Ever wonder how you might be able to create a mobile app with data you already have in your FileMaker solution? I have, too! As it turns out, it’s not too outlandish of an idea thanks to the FileMaker Custom Web Publishing with XML API.
You might wonder, why build a native app? Depending on your data, or your use case, your users may benefit from the native functionality built into both iOS and Android which can provide advanced interfaces and features not readily available in FileMaker Go.
In this blog I will demonstrate how you can leverage the XML API to treat your FileMaker as a back-end and RESTful service. This technique allows for bidirectional communication from both a native iOS app in Swift, and a native Android app in Java. As a bonus, I will show you a workaround to upload container data to your database (according to FileMaker Inc. this is a limitation of the CWP XML API)!
- Installation of FileMaker Server
- FileMaker Intermediate to Advanced skills
- FileMaker file with fmxml Extended Privilege set enabled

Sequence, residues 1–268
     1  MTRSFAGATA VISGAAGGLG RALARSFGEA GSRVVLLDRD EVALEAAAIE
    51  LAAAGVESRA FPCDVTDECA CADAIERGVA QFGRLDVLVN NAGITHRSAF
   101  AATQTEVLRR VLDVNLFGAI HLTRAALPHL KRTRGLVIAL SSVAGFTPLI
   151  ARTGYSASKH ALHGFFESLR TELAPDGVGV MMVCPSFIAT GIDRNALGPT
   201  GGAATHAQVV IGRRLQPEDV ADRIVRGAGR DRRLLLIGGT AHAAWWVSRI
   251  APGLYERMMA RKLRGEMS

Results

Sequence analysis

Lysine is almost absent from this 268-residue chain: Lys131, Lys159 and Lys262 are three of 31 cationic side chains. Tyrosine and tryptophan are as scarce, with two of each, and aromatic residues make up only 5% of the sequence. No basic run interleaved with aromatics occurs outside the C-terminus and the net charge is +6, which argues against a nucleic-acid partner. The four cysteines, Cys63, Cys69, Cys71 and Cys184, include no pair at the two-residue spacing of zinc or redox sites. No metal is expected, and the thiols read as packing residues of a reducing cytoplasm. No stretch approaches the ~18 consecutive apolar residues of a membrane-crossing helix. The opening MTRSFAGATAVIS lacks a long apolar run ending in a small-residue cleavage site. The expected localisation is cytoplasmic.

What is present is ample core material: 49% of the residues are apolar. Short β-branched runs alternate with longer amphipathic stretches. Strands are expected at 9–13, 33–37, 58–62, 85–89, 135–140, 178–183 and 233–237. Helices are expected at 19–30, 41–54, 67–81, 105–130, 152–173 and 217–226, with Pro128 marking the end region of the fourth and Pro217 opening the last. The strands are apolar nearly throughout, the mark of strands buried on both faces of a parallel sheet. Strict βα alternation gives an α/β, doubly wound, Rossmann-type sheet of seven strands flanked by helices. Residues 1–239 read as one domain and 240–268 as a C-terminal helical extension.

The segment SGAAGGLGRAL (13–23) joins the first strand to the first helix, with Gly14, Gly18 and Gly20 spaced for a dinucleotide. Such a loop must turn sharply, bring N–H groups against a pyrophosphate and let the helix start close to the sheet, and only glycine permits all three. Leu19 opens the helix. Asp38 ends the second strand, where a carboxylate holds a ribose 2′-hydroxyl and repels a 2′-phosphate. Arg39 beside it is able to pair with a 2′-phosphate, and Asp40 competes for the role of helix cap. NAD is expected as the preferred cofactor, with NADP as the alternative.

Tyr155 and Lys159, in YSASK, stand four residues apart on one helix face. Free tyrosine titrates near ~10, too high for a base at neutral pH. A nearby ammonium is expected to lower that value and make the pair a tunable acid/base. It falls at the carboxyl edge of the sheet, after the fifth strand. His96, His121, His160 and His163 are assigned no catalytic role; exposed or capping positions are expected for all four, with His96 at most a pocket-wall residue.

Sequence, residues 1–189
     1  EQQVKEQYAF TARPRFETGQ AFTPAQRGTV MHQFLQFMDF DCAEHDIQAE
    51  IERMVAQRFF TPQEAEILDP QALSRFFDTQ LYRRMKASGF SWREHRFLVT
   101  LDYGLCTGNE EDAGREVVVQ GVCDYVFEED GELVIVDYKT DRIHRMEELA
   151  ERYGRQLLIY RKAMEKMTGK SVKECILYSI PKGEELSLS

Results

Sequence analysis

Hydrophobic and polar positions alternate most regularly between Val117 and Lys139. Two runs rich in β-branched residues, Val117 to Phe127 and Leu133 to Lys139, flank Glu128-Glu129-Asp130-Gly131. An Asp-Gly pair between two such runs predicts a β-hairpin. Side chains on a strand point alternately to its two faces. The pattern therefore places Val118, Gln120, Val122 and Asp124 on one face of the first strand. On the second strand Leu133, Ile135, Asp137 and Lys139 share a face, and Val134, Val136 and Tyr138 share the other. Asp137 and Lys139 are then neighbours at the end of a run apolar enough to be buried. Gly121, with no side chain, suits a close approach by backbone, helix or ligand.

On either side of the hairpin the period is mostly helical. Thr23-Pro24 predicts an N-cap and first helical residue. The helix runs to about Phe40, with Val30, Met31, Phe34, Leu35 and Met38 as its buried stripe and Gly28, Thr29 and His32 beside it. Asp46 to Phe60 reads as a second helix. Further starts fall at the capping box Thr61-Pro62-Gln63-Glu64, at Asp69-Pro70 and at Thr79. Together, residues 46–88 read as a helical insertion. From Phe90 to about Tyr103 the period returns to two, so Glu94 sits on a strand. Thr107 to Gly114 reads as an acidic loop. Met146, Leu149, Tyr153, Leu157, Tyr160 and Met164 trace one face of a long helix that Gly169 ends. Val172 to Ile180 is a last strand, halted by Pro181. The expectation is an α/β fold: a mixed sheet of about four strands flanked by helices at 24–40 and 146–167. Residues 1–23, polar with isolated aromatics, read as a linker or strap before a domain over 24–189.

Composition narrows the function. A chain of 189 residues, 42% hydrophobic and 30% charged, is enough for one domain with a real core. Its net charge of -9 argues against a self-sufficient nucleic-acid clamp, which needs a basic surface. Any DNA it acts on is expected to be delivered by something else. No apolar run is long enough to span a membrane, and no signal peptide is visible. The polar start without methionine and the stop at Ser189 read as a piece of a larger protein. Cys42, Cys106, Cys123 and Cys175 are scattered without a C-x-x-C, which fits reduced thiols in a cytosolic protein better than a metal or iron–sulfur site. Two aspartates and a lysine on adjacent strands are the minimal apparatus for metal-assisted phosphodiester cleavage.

- Permissions on the server to read and write
- Ability to update the php.ini post_max_size and upload_max_filesize to allow large enough files
- Installations of Xcode and/or Android Studio
- Knowledge of Swift and/or Java programming languages, iOS and/or Android SDK’s
That sounds like a lot of prerequisites, doesn’t it? Well, this article doesn’t require you to know both iOS and Android development. You can be familiar with only one or the other, and still be able to follow along.
1. Setup your FileMaker database and Mobile app projects
Let’s begin by creating a simple Person table in a FileMaker database and add the following fields:
Take a moment to host the file and don’t forget to enable the fmxml Extended Privilege Set.
Go ahead and create a new Xcode Project – iOS Application – Single View Application
Also create a new Android Project – Blank Activity – Main Activity.
Now that we’ve got that out-of-the-way, let’s dive into some code!
2. Create a class representation of your model
We need a model in our apps to represent the data that we will receive from FileMaker. So, let’s create that Person class now.
We’re now ready to store our records as an array of Person; we’ll call this array ‘people’.
3. Set up your views
In each project create a TableView (in iOS) and a ListView (in Android). Unfortunately, details on this are out of the scope of this blog, so please refer to Apple and Google’s docs if you aren’t sure how to do this.
iOS – I suggest you subclass UITableViewCell so that you can create your custom cell with a person’s photo as a UIImage, and UILabels for the name and email. I’ve called mine, “PersonCell” and the cells I use in my tableView are of type PersonCell.